My problem is that he tries to tell me how to live my life, all the way from telling me how to dress, how to interact with my parents, what kind of job to get and most definitely, how to treat him. Whenever I resist his directions, he calls me "spoiled" or "childish." When I push back harder, he tells me I'm controlling, which is the word that describes him.
I have tried, time and again, to point out to him what he is doing. He never gets it. I keep looking for new ways to explain to him what he's doing. Nothing seems to work. I'm wondering if you have any tips on how I can get him to back off, recognize all that I do for him, and help him see that he pushes people away by being so demanding. Please help.
I do have several suggestions for you and those struggling to gain independence from the Control Freak. Actually, these strategies are equally effective with the rest of our cast of Crazymaking characters.
First, we must come alive and pay attention to what the Control Freak is doing. They aren't aware of what they're doing, and much of the time we're not aware of what they're doing either. In fact, we're often not aware of how we're stuck in a disastrous pattern of reacting to the Control Freak. The Control Freak expects allegiance, and those of us with a tendency to please get caught in the trap of trying to keep them happy. Notice how these strategies don't work.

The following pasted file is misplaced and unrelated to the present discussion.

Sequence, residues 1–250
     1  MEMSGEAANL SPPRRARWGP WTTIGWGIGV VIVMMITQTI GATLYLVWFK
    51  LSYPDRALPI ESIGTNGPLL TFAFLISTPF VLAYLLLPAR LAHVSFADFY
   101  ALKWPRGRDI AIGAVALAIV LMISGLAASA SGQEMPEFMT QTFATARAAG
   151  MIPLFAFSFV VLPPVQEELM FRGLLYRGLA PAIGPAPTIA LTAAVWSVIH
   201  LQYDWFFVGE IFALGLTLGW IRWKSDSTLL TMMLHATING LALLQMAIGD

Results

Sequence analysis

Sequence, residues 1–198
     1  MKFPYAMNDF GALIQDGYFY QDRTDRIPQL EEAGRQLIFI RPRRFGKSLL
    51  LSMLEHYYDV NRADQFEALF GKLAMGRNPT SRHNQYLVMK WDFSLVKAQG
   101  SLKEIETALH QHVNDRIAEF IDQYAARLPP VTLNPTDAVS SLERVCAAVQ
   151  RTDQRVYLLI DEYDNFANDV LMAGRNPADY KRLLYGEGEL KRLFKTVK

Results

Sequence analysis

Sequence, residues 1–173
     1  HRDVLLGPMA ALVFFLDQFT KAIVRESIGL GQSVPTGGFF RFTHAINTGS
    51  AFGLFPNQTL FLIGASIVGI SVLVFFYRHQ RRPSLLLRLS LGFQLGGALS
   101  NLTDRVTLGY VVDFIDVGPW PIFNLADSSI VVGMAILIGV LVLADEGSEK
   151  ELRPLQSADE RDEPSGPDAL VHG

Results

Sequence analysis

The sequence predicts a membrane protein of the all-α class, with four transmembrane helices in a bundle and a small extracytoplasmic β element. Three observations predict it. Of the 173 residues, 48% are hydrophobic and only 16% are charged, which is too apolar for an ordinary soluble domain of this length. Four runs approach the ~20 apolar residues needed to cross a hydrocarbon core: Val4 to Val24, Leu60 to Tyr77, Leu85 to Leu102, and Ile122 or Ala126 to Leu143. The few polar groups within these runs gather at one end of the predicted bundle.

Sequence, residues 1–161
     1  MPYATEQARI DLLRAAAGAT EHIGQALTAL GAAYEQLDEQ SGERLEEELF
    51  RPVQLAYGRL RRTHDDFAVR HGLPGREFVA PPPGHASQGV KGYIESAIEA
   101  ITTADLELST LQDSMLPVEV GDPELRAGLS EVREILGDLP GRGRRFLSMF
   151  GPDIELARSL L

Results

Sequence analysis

Second, break their spell. Controlling people can be very convincing, enticing you to go along with their game plan and then resenting them. Notice their tactics, their anxious dogmatism. Then, instead of debating and defending your position, simply look at them and say "What?" This simple question allows you to step back, for a moment, and ask what exactly they are trying to say. It gives you a moment to ask if you really buy what they're selling.
Third, think for yourself. After breaking their spell, you begin the process of thinking for yourself. You question the bill of goods they are so desperately trying to sell you. Simply say, "I don't agree with you," and notice the difference this step makes.
Fourth, don't debate. Don't ever debate, defend or explain yourself. Don't get hooked in that trap. Don't try to talk them out of their position—it won't work. Don't try to make them accept your position—that will not work either. Allow it to be okay to simply see things differently.